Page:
Rejoice! Then Let’s Get to Work.

Taking a break from posting about the Community-Driven Tour to just share what everyone else is feeling – such pride and excitement!

As an American and as a mom, my excitement extends beyond our having an African American president.  My joy is heightened as I picture an African American family in the White House, their kids growing up playing on the White House lawns and in those hallowed halls that have, to date, been reserved for white families only.

Imagine such a thing!  Just imagine!

It took 200 years to get here.  It took the cause and effect of change after change, ripples in the pond, building on other ripples.

It took people of all shades of skin tone fighting to end systems that were wrong, and fighting to create what was just and fair – fighting to create a world where people are not judged by the color of their skin, but indeed by the content of their character.

Today, that strength of character feels overwhelming.  Imagine such a thing!

My daughter called from in front of the White House last night.  (Lizzie is quoted near the end of this article – that’s my girl!)  She screamed into the phone, “I don’t know if you can hear me over the noise, but you cannot imagine what it feels like to be here!”

But of course I can imagine.  We have turned a corner.  My daughter’s generation is more naturally colorblind than my generation could have ever hoped to be.  They are far more accepting of differing sexuality.  Having grown up with the world at their extended fingertips – their keyboards – they are instinctively global thinkers.

We always give lip service to “children being our future.”  This generation is that and more.  It is all the result of cause and effect.  The ripples in the pond.

I am speaking in Williamsburg, Virgina this afternoon.  I will start my talk with the same message I have used to start every talk along this tour:  Creating visionary change in our communities and our world is not only possible; it is practical and doable.

Today, and for the next few days and weeks,we will bask in what is possible.  From there, though, it will be time to make things practical and doable.  This will require that we aim our work squarely at the world we want to live in, and that we align our steps in that direction – that we consciously create  the future we want for tomorrow and for the thousand tomorrows that lie ahead.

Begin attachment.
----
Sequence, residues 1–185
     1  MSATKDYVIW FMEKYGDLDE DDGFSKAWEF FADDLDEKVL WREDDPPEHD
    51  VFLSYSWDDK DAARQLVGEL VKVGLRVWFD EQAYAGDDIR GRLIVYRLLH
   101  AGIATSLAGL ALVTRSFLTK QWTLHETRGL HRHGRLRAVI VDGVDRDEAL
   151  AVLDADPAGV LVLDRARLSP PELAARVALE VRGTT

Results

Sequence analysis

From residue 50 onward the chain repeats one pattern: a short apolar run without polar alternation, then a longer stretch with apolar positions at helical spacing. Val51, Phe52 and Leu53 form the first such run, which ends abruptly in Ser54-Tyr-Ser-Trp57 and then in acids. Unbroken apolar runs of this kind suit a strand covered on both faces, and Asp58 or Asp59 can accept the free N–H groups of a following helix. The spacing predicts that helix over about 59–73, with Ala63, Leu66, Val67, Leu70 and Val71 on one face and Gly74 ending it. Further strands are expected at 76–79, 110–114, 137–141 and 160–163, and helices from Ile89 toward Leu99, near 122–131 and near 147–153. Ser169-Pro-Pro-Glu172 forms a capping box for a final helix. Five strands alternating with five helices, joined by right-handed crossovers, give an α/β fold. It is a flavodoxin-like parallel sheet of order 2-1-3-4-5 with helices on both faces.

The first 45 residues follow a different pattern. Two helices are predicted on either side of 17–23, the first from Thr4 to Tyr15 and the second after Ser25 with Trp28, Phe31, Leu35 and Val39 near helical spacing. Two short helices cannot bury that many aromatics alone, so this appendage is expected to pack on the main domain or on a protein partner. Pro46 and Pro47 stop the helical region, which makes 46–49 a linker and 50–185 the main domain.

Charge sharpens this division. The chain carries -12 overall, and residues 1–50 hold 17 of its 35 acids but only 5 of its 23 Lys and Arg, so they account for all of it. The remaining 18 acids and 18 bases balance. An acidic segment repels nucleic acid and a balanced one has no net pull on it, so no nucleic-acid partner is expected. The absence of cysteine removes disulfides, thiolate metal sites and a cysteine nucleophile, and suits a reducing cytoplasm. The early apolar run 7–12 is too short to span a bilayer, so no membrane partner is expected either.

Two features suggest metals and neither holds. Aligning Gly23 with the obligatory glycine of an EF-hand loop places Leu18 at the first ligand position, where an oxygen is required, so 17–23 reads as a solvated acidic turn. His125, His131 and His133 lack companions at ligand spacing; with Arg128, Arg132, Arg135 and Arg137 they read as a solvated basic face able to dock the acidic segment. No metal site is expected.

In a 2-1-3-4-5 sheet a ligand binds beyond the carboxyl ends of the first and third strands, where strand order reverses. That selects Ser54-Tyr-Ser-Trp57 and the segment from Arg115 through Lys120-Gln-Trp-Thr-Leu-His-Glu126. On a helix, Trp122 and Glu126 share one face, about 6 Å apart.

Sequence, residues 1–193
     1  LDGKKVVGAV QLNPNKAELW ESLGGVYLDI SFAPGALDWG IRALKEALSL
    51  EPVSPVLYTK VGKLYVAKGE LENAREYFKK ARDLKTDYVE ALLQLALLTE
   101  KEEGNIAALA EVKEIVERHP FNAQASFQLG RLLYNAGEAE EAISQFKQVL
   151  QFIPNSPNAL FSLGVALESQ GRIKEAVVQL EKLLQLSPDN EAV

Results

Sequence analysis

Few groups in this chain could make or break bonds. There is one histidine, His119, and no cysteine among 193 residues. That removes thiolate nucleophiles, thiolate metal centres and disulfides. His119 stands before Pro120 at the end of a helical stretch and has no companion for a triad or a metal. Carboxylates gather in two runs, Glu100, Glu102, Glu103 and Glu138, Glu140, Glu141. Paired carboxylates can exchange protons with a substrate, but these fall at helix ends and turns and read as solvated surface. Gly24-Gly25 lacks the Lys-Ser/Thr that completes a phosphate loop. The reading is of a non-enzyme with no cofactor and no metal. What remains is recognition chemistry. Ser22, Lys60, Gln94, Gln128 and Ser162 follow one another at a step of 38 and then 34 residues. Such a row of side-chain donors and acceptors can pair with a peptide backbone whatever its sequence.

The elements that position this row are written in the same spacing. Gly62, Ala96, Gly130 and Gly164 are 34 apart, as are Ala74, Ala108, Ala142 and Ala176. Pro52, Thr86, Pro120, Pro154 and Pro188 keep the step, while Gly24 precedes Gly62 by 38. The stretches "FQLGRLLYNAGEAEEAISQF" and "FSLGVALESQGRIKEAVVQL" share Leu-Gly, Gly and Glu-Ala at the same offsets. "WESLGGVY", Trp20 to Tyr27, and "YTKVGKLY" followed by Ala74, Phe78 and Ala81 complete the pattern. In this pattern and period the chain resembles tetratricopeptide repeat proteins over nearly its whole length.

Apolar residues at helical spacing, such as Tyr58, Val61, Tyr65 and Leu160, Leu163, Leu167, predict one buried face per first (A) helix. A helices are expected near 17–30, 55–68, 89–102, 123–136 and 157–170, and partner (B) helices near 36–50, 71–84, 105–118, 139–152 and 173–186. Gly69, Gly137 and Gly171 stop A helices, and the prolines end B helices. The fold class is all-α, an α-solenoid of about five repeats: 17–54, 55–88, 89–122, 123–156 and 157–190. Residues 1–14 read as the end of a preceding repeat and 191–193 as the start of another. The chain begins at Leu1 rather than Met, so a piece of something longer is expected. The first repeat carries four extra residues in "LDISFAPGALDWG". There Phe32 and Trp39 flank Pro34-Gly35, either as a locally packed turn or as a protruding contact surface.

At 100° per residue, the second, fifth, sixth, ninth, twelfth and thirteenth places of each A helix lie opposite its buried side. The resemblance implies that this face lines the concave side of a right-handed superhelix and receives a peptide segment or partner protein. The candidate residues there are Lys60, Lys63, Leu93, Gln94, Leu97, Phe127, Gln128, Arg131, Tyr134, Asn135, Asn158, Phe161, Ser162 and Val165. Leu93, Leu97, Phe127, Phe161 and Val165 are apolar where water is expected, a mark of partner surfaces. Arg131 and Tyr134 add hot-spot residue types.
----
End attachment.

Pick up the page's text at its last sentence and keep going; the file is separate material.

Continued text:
We have much work ahead of us.  It is time to get started.

Image of the Obama Family thanks to the Chicago Tribune.  Image of my daughter’s friends rejoicing, thanks to Tom Lotito (bottom left.  Lizzie is bottom center.)

3 Responses to Rejoice! Then Let’s Get to Work.

  1. Hildy…

    I can’t tell you how moving it was for me to not only watch this happen, but that also for me, that it happened while I was a guest on Florida soil.

    I find it interesting though, how much emphasis there is in the press around having an African American in the White House. While I don’t discount the significance one bit, nor the impact this will have on the mindsets of not only Americans but the whole world…

    My preference, and I will repeat that this is only my personal preference, would be to see the emphasis of our interest (and perhaps even our exploration?) shift over to shedding further light on what we know is the true, underlying reason that Obama won.

    …That reason being, his transformational leadership style. A way of thinking and being that informed the doing that he and his key team members embraced and embodied from the beginning, and that in essence from my perspective, represents all of what the Community Driven Institute and your teachings is all about.

    If anything, THAT is the change. THAT is the shift that moves us from what is possible to not only what is practical and doable but also to what now becomes, dare I say… PROBABLE?!

    It is so easy for us to view or perceive our challenges to be about the systems – about “tackling” the systems that quite honestly, were created based upon what we knew at the time (life-giving or not) and which now are being seen as “unfair” or “unjust”. I guess my motivation here, and all I want to do, is plant the seed that we need to look deeper and allow ourselves THAT conversation.

    In some ways perhaps it is too obvious; an assumption that we all just… make. I know you are not blind to it yourself, Hildy. You’ve already touched on it by mentioning the content of Obama’s character. I find myself compelled to question though, for those who are reading, do we really know what that means?